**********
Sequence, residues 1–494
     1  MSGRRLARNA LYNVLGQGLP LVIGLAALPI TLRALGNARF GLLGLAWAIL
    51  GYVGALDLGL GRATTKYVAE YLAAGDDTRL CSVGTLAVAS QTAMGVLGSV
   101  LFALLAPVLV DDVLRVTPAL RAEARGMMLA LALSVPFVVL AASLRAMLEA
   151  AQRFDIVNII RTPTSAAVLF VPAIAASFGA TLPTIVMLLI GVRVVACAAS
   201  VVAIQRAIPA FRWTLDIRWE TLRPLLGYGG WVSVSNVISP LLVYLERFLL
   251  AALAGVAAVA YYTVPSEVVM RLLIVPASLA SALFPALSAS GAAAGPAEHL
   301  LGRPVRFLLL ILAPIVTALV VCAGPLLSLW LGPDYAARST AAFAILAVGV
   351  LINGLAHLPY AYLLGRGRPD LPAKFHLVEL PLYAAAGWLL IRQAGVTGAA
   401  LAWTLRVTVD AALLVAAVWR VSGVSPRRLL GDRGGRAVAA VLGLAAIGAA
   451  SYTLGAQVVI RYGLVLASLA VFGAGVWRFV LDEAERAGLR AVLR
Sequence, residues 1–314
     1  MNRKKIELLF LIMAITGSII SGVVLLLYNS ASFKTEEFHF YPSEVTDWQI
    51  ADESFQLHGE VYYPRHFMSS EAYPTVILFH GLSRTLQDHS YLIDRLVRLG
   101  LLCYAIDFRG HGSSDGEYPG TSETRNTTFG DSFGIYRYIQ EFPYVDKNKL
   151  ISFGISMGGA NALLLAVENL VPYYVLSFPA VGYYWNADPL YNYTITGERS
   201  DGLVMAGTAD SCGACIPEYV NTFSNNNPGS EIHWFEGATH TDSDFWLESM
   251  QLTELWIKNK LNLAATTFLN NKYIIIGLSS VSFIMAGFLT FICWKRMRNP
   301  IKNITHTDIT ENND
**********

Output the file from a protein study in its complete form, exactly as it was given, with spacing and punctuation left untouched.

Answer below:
Sequence, residues 1–494
     1  MSGRRLARNA LYNVLGQGLP LVIGLAALPI TLRALGNARF GLLGLAWAIL
    51  GYVGALDLGL GRATTKYVAE YLAAGDDTRL CSVGTLAVAS QTAMGVLGSV
   101  LFALLAPVLV DDVLRVTPAL RAEARGMMLA LALSVPFVVL AASLRAMLEA
   151  AQRFDIVNII RTPTSAAVLF VPAIAASFGA TLPTIVMLLI GVRVVACAAS
   201  VVAIQRAIPA FRWTLDIRWE TLRPLLGYGG WVSVSNVISP LLVYLERFLL
   251  AALAGVAAVA YYTVPSEVVM RLLIVPASLA SALFPALSAS GAAAGPAEHL
   301  LGRPVRFLLL ILAPIVTALV VCAGPLLSLW LGPDYAARST AAFAILAVGV
   351  LINGLAHLPY AYLLGRGRPD LPAKFHLVEL PLYAAAGWLL IRQAGVTGAA
   401  LAWTLRVTVD AALLVAAVWR VSGVSPRRLL GDRGGRAVAA VLGLAAIGAA
   451  SYTLGAQVVI RYGLVLASLA VFGAGVWRFV LDEAERAGLR AVLR
Sequence, residues 1–314
     1  MNRKKIELLF LIMAITGSII SGVVLLLYNS ASFKTEEFHF YPSEVTDWQI
    51  ADESFQLHGE VYYPRHFMSS EAYPTVILFH GLSRTLQDHS YLIDRLVRLG
   101  LLCYAIDFRG HGSSDGEYPG TSETRNTTFG DSFGIYRYIQ EFPYVDKNKL
   151  ISFGISMGGA NALLLAVENL VPYYVLSFPA VGYYWNADPL YNYTITGERS
   201  DGLVMAGTAD SCGACIPEYV NTFSNNNPGS EIHWFEGATH TDSDFWLESM
   251  QLTELWIKNK LNLAATTFLN NKYIIIGLSS VSFIMAGFLT FICWKRMRNP
   301  IKNITHTDIT ENND